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Understanding why Kenyan youth are restless

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Protesters during the Finance Bill 2024 demonstrations along Cardinal Otunga Street, Nairobi on June 20, 2024.

Photo credit: Sila Kiplagat| Nation Media Group

“We are tired!”

“We are told education is key to success only to realise that connections to who you know is the key!”

These are some of the voices one could hear from the shouting Gen Z crowds revolting and protesting in recent weeks.

While the Finance Bill 2024 was the immediate trigger, the slogans show the root cause of the revolt was not the Finance Bill. They point at a governance system that does not work for Gen Z and for all Kenyans. In their social media platforms, young Kenyans emphasise that they are disadvantaged by a governance system that privileges the political elites, and their children. They want a system that works for all irrespective of tribe, region, religion or status in society.

The Gen Zs are upset by the behaviour of political elites too: paid by taxpayers but showing no respect for the people. They observe that some political elites are abusing their public offices and are ‘plundering’ taxes and then vomiting on their shoes.

But these issues are not new except that past generations did little to address them. In fact, there has been a competition to become a political elite if the number of people seeking elective offices is anything to go by. The post-2007 election violence was itself caused by resistance against this form of governance.

Public resources

The 2010 Constitution was made to address these challenges. The Constitution provides for prudent use of public resources. It provides for devolution of power and resources to ensure no part of Kenya is marginalised on account of political consideration. Chapter Six on leadership and integrity requires public officers to respect people, bring honour to the nation and bring dignity to the office they hold.

But the Constitution has not been effectively implemented and the old order has triumphed. Therefore, Gen Zs are worried about lack of change. They worry about political elites plundering public resources with impunity and without consequences.

For a long-time, ethnic-based politics has been the fulcrum around which political competition revolves. But ethnic-based politics lacks mechanisms for accountability. Ethnic elites do not account to their communities. They mobilise votes but disappear immediately. They use communities to gain power.

This continues to undermine implementation of the 2010 Constitution. Indeed, immediately the Constitution was passed, elites from President Mwai Kibaki’s Mount Kenya region began to weaken its implementation. The Courts had to intervene.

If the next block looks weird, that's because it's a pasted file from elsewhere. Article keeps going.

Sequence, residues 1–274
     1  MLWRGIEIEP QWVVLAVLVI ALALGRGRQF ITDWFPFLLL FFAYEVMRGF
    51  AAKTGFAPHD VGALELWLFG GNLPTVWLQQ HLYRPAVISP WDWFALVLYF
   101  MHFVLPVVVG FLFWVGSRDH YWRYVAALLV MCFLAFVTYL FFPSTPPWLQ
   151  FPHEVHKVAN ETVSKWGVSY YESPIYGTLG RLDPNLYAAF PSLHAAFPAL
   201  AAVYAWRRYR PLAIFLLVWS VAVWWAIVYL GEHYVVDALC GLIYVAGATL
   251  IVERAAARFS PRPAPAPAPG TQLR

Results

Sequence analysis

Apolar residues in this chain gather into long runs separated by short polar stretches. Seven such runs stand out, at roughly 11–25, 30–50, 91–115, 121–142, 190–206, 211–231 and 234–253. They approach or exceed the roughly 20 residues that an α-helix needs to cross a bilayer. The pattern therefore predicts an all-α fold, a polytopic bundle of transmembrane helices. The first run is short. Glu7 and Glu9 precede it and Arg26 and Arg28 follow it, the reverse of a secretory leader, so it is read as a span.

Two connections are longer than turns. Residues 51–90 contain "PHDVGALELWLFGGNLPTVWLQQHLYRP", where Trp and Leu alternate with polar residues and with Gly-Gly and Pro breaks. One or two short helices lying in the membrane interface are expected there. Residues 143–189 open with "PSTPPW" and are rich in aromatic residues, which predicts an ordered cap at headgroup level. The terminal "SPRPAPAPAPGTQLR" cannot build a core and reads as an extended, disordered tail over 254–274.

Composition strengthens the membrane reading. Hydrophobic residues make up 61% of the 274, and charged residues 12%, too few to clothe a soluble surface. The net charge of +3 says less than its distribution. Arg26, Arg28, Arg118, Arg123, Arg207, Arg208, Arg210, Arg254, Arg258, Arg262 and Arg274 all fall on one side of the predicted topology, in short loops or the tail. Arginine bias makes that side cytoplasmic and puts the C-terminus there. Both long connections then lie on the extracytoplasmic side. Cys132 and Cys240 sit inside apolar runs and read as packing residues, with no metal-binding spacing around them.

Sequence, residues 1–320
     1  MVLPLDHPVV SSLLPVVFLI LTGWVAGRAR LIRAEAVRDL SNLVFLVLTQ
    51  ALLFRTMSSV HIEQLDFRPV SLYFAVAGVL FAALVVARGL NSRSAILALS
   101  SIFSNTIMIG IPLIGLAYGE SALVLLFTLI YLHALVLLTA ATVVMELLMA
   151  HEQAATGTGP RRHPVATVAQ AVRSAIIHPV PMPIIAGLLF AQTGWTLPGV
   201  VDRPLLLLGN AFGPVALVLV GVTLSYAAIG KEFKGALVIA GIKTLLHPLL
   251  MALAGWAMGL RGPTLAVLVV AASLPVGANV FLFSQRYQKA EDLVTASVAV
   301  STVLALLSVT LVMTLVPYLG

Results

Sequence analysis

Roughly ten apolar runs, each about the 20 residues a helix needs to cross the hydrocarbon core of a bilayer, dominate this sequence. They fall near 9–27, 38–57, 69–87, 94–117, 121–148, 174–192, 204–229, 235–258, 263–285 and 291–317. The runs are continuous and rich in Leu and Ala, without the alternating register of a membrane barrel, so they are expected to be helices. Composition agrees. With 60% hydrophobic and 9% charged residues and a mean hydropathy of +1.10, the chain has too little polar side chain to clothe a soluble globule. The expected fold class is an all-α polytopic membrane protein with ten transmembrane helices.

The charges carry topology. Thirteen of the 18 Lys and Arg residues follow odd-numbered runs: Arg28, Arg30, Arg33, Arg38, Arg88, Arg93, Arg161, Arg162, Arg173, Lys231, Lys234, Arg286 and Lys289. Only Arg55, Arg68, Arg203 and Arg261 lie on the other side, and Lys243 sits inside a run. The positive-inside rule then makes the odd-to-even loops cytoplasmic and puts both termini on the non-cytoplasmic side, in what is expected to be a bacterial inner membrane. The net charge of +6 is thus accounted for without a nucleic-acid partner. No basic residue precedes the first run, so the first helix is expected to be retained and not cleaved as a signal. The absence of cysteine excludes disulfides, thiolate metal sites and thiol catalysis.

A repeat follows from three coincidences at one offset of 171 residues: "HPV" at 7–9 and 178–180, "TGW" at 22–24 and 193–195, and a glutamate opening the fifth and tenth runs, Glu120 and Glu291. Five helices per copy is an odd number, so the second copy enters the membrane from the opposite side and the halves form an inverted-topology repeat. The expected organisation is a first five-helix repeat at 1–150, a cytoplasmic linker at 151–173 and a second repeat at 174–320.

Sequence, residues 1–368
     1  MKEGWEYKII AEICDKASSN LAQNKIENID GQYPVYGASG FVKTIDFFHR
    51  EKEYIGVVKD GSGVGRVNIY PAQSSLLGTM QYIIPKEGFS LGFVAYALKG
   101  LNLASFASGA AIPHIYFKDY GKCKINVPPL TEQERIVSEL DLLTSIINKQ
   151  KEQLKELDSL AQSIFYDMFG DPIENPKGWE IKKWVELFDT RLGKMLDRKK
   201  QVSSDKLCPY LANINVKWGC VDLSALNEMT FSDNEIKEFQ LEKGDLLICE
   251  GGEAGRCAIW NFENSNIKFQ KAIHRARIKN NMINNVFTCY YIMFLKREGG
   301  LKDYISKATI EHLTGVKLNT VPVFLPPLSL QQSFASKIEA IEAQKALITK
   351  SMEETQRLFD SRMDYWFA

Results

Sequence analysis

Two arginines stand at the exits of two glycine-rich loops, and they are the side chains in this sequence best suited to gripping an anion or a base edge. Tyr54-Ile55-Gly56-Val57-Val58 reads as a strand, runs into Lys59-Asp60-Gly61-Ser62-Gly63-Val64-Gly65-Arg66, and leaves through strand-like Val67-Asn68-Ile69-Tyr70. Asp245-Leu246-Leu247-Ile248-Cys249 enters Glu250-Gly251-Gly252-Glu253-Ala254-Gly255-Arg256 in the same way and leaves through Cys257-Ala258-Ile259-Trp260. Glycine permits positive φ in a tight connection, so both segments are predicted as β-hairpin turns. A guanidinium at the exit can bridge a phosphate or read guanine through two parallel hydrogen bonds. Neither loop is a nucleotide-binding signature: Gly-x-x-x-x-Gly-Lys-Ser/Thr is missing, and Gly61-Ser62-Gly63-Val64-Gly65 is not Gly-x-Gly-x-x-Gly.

But it was the 2013 election outcome that completely weakened the implementation by creating a culture for impunity and poor accountability. Chapter Six on leadership and integrity faced multiple interpretation with regard to whether Mr Uhuru Kenyatta and his running mate, Mr William Ruto, could for office the 2013 election when they had cases at the Interna in light of the new constitution, Kenyatta and Ruto should have waited to clear their names and then run for office later in 2017 elections. The courts, however, cleared them to run for office. This opened the gate for many people with cases in court to vie for office. Some won. This laid a foundation for impunity because they would use their offices or even communities to fight off the cases.

Gen Z protests have brought back demands for accountability. They want an end to a culture that promotes the interests of a few elites at the expense of many in the society. They want leadership that is accountable and leadership that brings honour and dignity to the society. They are concerned that elites are using taxes to finance opulence and to show off luxuries when many people are finding it hard to go by.


The Gen Z are taking cue from the 2022 presidential election campaigns. It is President William Ruto himself who campaigned on the “hustler-dynasty” narrative. He argued that the system of governance prevailing favoured only a few, the dynasty. He mobilised support to build a system that works for all irrespective of tribe or status in the society. This then is the language the Gen Z are articulating. They want a system that works for everybody. They are demanding that the President acts on arrogant politicians around him; they want the corrupt sacked; they want an end to opulence using taxpayers’ money.

The voice of Gen Z is resonating with many people. Indeed, the President acknowledges the need act and improve governance to ensure the systems work for all citizens. Overall, no matter what action is taken, the tribeless Gen Z have moved public demands for accountability and for a better Kenya higher than ever before.

Politicians have been forced to show respect to people. Those who used to drive with sirens and chase cars on the opposite direction in traffic, are now following traffic rules. County governors have also disappeared from the roads. There are no sirens on the road except for ambulances. Politicians have quickly learnt to keep order. They are not showing off their power and wealth. They have even withdrawn from the showing off in churches where pastors encourage them to give money. Gen Z have certainly helped Kenya to build order where it did not exist. How much this will last depend on actions taken in response to Gen-Z demands to build a system that works and delivers for all.

Prof Kanyinga is based at the Institute for Development Studies, University of Nairobi. This is an abridged version of his keynote presentation at an Editors’ Roundtable by the Eastern Africa Editors Society on the youth question [email protected]; on X @karutikk